OGoogle releases an open-source 2FA security key platform called OpenSK. The company is deeply involved with security keys and has always worked to improve mobile security. The Titan line of security keys comes with full integration to your Android or iOS smartphone. You can use this to authenticate your login to your Google account. OpenSK is an open-source project that lets the developers build their own 2FA security key.
The team has written OpenSK in Rust and is quite simple to follow. This is because it supports both the FIDO U2F and FIDO2 standards. Solo and Somu are other open-source projects for security key platforms. OpenSK follows the legacy of these platforms. By having OpenSK as an open research platform, it is hoped that security key manufacturers, researchers, and other supporters work together to come up with new techniques that could speed up security key adoption.
To keep our digital life private, the minimum requirement we have to adhere to is the two-factor security or authorization. However, there some hardware that doesn’t have these necessary factors, highlighting the lack of security. This is why open source enthusiasts and supporters will be super glad to hear that Google is now working on OpenSK. Google says that it will release soon. It will come with support for both FIDO U2F and FIDO2.
With this release, developers can flash OpenSK on a Nordic chip dongle. This dongle supports all of the major features of FIDO2. This includes Bluetooth Low Energy, USB, NFC, and a dedicated hardware crypto core. Director of Product Management at Nordic Semiconductor, Kjetil Holstad, said, “We’re excited to collaborate with Google and the open-source community on the new OpenSK research platform. We hope that our industry-leading nRF52840’s native support for secure cryptographic acceleration combined with new features and testing here will help the industry gain mainstream adoption of security keys.”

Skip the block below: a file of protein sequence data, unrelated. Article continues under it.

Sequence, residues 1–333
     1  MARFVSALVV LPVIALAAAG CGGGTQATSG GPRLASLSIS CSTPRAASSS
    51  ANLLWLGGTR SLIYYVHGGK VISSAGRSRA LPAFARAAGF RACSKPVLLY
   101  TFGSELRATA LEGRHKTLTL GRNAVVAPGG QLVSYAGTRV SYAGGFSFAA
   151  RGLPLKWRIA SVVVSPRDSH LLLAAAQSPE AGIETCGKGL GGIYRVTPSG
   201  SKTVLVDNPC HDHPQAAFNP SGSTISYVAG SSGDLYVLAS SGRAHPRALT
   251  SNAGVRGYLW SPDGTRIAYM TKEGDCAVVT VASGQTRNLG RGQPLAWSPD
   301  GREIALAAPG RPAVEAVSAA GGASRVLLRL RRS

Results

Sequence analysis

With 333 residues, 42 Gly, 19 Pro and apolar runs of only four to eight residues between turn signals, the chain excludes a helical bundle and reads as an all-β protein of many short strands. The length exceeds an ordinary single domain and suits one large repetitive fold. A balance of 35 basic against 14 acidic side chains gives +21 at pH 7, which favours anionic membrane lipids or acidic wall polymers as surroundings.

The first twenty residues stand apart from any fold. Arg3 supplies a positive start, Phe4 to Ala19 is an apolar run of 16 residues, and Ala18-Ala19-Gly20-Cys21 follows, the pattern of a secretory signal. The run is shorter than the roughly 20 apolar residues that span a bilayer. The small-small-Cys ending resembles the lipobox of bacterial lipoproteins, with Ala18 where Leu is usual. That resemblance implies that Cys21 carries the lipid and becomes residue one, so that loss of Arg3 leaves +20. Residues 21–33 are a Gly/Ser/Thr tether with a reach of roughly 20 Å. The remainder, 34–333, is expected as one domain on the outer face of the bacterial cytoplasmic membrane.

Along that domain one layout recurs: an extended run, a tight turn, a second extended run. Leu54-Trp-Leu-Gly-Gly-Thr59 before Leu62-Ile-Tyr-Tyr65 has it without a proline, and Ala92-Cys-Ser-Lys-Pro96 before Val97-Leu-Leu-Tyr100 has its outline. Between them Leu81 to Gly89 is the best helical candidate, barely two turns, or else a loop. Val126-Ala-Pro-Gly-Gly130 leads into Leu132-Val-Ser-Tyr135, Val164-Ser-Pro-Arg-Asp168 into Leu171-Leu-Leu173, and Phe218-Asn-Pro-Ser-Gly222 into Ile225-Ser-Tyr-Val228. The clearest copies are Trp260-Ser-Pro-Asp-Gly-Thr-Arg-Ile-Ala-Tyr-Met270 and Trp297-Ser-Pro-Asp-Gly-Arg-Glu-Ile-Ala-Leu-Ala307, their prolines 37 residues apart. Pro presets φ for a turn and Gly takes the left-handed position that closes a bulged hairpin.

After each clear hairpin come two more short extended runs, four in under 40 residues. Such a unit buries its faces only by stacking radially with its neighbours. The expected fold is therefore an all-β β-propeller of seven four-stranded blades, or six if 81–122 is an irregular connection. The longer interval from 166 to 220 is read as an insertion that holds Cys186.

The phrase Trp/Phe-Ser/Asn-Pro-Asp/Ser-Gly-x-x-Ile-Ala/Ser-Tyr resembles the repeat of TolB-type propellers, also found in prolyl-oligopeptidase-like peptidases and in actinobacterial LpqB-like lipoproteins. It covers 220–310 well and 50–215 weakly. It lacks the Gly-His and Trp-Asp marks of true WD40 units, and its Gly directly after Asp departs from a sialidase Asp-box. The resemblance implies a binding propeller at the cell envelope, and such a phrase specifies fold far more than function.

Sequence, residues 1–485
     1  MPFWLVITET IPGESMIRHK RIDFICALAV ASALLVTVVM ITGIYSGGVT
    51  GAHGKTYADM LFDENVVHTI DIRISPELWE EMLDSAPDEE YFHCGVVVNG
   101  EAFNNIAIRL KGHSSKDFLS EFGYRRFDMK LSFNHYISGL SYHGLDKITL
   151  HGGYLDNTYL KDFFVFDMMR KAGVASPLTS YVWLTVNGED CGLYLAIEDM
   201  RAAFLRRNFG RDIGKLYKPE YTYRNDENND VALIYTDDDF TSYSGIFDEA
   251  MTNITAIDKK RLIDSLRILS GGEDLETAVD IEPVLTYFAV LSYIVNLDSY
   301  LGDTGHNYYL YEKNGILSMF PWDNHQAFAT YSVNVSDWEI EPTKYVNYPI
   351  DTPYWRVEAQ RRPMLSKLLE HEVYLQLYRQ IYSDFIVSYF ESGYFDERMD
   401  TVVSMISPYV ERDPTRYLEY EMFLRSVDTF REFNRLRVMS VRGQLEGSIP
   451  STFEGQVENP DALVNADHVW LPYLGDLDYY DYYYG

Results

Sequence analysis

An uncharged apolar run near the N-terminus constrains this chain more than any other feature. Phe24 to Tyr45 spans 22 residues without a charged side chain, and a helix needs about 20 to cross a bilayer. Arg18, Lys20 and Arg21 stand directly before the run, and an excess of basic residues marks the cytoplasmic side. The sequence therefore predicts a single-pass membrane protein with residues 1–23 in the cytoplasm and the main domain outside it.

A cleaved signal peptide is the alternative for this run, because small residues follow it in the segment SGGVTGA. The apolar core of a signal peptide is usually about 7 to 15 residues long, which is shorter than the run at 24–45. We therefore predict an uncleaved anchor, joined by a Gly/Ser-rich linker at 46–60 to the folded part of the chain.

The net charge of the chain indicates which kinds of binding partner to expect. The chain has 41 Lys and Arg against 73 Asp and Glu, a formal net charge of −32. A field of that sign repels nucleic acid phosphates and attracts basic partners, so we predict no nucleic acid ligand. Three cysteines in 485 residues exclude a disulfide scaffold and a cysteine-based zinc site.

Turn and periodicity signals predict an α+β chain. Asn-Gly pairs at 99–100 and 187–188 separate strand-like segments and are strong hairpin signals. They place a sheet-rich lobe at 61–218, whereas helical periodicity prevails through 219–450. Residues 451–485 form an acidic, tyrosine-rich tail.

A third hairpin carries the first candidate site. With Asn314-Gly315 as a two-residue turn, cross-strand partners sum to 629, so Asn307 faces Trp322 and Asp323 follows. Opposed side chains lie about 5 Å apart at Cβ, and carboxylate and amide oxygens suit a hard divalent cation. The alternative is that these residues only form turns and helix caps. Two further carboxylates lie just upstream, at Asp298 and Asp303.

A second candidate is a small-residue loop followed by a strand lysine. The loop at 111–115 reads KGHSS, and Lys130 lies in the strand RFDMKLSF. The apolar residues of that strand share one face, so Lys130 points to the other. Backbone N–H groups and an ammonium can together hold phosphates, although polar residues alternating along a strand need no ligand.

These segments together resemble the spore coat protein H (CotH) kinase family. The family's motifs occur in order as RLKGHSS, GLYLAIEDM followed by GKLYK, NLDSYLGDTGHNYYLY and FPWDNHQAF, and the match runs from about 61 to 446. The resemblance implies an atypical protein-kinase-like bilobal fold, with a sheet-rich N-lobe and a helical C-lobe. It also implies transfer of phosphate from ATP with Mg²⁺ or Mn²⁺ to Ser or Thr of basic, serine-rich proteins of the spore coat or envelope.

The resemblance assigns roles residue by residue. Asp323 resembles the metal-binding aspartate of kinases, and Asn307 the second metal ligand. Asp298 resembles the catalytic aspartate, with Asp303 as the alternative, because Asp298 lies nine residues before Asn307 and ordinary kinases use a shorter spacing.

The developers have written the code in Rust and it runs on TockOS for cleaner OS abstractions and better isolation. Rust is known for its strong memory safety which is known to offer protection against logical attacks. On the other hand, TockOS provides a sandboxed architecture that provides better isolation of the security key applet, drivers, and kernel.
Google even gave a quick demonstration of OpenSK working on a Nordic chip dongle as a security key. Google’s OpenSK is just out and is more like an experimental release. It is compatible with and can only work with a single piece of reference hardware at this point – the Nordic chip dongle. However, if this goes on to be a success, Google and its team along with the other developers and security researchers working on this would be able to build something solid using this as the base. This will certainly benefit open-source security and make it better. Do you want to know more about how OpenSK works on TockOS? Simply pop over to the GitHub repository and go over it in detail.